AOL Hammered on Outlook, SEC Probe

Analysts raced to downgrade AOL Time Warner and investors
hit the sell button Thursday after the media giant disclosed a routine
Securities and Exchange Commission investigation and a sluggish outlook for
its flagship ISP.

During a conference call Wednesday evening to discuss second quarter
results, AOL Time Warner’s CEO Richard Parsons disclosed that the
SEC was conducting a fact-finding inquiry into accounting questions raised in a recent Washington Post article.

In a two-part story last week, the Post raised questions about
how AOL accounted for advertising revenues as the dot-com
collapse was spreading. The report referenced hundreds of pages of
confidential AOL documents in its probe of whether it boosted revenue using
a series of unconventional deals from 2000 to 2002. The company defended its
accounting practices as proper and said its auditor had looked into the
matter and signed off on the accounting.

But the disclosure, combined with a troubling outlook in the
AOL unit, further hammered the company’s stock price Thursday as
it fell below the $10 mark amid heavy selling in broad markets.

America Online’s revenues for the quarter slid by 3 percent to $2.3 billion,
led by a 42 percent decrease in advertising and commerce revenues to $412
million, largely due to the soft online advertising market. But overall, the company posted a profit and revenues were up by 10 percent. But the AOL troubles and the SEC probe eclipsed all other news.

In a research note Thursday morning, Jessica Reif Cohen of Merrill Lynch
said poor visibility for the rest of the year and the SEC inquiry had created new overhang. She downgraded her rating to neutral from buy.

The SEC disclosure was helpful, she wrote, but underlying trends in the AOL unit
were troubling. For example, 83 percent of AOL’s ad and commerce revenues
were advertising-related during the second quarter. Of that $342 million,
$220 million came from contractual commitments and $125 million came from
spot advertising sales, Cohen said.

Because she believes contractual
commitments are slipping, Cohen concluded that advertising and commerce
revenue in the AOL unit would decline by 34 percent in the third quarter and
by 28 percent in the fourth quarter, deeper than she had pegged earlier.

In addition, she lowered her advertising outlook for 2003 from a gain of 7
percent to a decline of 20 percent.

The 477,000 new subscribers that AOL added to its 35 million base during
the quarter also fell short of analysts’ estimations by about 100,000

Alan Mosher, a senior researcher with Probe Research, a telecommunications and ISP research firm, said in addition to the usual problems besetting the AOL unit such as
flattening subscriber growth and declining ad revenues, it has not demonstrated
how it plans to migrate its dial-up subscribers to broadband connections.

“AOL continues to struggle with its broadband strategy and is losing
subscribers to broadband vendors including the cable MSOs and DSL providers
SBC, Verizon, and Qwest,” Mosher noted.

“Verizon and SBC have partnered with AOL archrival MSN and SBC has tied up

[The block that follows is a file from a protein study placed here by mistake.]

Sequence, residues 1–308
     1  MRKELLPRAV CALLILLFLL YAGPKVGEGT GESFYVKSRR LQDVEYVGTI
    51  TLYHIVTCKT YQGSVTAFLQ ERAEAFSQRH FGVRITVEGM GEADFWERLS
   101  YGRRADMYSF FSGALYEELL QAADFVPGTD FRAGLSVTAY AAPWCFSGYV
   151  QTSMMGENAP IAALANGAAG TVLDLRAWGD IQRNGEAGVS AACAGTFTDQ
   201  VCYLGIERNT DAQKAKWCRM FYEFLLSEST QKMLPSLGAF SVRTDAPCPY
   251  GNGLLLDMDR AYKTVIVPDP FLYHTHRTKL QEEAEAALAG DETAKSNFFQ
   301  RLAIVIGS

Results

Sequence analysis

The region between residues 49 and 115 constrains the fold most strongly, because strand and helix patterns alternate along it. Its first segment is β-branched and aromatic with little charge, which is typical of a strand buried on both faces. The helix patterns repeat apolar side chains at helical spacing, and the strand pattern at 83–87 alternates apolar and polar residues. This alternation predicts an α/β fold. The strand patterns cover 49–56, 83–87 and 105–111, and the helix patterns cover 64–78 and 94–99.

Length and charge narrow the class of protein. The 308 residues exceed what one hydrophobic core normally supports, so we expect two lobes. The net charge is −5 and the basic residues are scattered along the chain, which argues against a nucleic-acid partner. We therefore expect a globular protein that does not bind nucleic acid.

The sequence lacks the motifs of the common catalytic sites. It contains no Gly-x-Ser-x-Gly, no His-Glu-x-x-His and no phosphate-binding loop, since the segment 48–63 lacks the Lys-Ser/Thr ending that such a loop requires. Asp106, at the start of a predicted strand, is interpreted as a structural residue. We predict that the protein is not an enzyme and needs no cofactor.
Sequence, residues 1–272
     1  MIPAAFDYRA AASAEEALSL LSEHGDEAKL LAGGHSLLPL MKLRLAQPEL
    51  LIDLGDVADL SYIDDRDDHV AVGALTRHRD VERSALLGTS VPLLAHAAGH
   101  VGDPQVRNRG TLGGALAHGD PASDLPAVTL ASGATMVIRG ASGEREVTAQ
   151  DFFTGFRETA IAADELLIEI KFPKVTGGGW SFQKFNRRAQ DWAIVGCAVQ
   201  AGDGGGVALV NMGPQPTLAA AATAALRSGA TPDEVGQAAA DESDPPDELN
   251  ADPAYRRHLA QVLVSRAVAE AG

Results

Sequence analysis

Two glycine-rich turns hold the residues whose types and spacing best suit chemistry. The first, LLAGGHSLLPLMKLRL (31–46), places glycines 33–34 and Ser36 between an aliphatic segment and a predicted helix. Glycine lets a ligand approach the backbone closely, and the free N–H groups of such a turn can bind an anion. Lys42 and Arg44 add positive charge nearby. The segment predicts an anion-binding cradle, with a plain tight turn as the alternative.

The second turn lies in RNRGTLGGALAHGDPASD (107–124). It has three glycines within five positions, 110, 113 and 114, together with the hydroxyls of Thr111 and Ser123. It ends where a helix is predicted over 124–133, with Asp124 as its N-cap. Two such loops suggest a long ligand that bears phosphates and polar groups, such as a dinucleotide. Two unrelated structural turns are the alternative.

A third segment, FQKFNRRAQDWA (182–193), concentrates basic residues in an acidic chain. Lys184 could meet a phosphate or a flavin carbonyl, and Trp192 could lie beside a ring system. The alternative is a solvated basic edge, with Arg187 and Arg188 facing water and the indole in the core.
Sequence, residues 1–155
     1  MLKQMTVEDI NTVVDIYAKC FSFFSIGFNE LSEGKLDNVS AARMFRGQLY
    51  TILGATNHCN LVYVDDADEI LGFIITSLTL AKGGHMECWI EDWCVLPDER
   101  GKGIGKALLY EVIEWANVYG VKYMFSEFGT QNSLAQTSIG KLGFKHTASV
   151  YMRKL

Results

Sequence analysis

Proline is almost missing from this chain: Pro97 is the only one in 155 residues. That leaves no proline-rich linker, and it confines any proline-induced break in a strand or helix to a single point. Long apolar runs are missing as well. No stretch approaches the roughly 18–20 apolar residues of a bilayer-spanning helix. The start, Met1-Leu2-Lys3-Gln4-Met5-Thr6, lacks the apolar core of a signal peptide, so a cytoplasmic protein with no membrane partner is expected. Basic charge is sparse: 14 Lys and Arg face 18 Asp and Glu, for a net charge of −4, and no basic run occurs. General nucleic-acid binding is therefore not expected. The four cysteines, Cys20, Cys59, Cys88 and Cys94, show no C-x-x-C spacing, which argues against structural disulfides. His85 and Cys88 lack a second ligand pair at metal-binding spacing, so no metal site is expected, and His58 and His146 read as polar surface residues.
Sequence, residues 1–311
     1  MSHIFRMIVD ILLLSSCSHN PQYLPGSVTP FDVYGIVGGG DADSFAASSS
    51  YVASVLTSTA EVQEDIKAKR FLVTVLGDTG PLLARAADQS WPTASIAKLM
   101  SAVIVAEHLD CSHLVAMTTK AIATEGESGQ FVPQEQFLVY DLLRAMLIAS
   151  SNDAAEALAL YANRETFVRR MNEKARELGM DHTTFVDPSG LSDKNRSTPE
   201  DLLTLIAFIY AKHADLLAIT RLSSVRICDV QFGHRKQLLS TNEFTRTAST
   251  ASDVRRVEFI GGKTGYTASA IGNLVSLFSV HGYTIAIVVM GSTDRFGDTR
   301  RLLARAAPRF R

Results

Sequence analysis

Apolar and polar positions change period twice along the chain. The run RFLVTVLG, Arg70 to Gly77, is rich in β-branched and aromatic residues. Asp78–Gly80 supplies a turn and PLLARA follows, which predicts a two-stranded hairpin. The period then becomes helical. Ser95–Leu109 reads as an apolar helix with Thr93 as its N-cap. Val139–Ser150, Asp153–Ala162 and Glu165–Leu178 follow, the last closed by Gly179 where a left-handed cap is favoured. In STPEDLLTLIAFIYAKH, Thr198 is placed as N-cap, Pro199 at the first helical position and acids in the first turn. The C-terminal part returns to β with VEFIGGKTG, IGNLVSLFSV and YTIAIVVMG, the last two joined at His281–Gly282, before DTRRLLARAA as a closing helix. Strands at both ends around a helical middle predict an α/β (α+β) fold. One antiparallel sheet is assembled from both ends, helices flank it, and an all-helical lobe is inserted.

with Yahoo!. AOL does offer broadband service through the ILECs (incumbent
local exchange carriers) but at a price disadvantage to its competition.”

Look at the blossoming relationships between Yahoo! and SBC, and between MSN
and Verizon and Qwest, Mosher continued. “How will (AOL) reach customers with
their key network providers (e.g., UUNET) declaring Chapter 11” or becoming
a subsidiary of its enemy, the major telecommunications carriers it competes
with to provide broadband service: the ILECs?

“If the ILECs successfully bring the mobile networks back into their fold —
which looks like the next move —
they can effectively block/raise pricing to AOL for access to customers, and
reduce visibility of AOL by moving it off the mobile IP portals.”

On the cable front, meanwhile, AOL is currently limited to the Time Warner
Cable network which services about 20 percent of the US cable market.

Given that AOL’s major market is here in the U.S., the emerging wisdom among
Mosher and other telco analysts is that AOL is going to have to wage a war
with the ILECS in order to bridge its customers to broadband and survive.

Those concerns, combined with a loss of experience at top-level positions
across the AOL unit spell even more trouble, analysts said, which has worsened an
already hair-trigger selling mood among investors sniffing out any scent of
accounting problems.

Last week, Chief Operating Officer and AOL interim Chairman Robert Pittman
resigned. His duties are being split among two Time Warner executives, Don
Logan, chairman of Time Inc., and Jeffrey Bewkes, chairman of HBO.

The changes clearly put the Time Warner, old media, side of the house in charge at corporate headquarters and help elevate the profile of
James de Castro, president of AOL Interactive, Mosher added.

Given de Castro’s extensive experience in radio, “it may be that Time Warner
believes Internet portal AOL will be better off run like a group of radio or
TV channels rather than as an Internet portal. It remains to be seen if Time
Warner will be able to pull this strategy off and whether or not AOL
subscribers will buy into whatever the product offering the AOL portal
offers over the next year.”

Given the constant drumbeat of woes besetting the media company, the
question now, especially among research analysts, is whether AOL’s new leadership will be able to right the ship and get AOL moving forward once again. Or, as the media has been pondering for weeks now, is it time to cut AOL loose from the corporate ship?

As one media investment banker put it this week, the answer to the questions depends on how much time investors and markets intend to give the company to work through its troubles.

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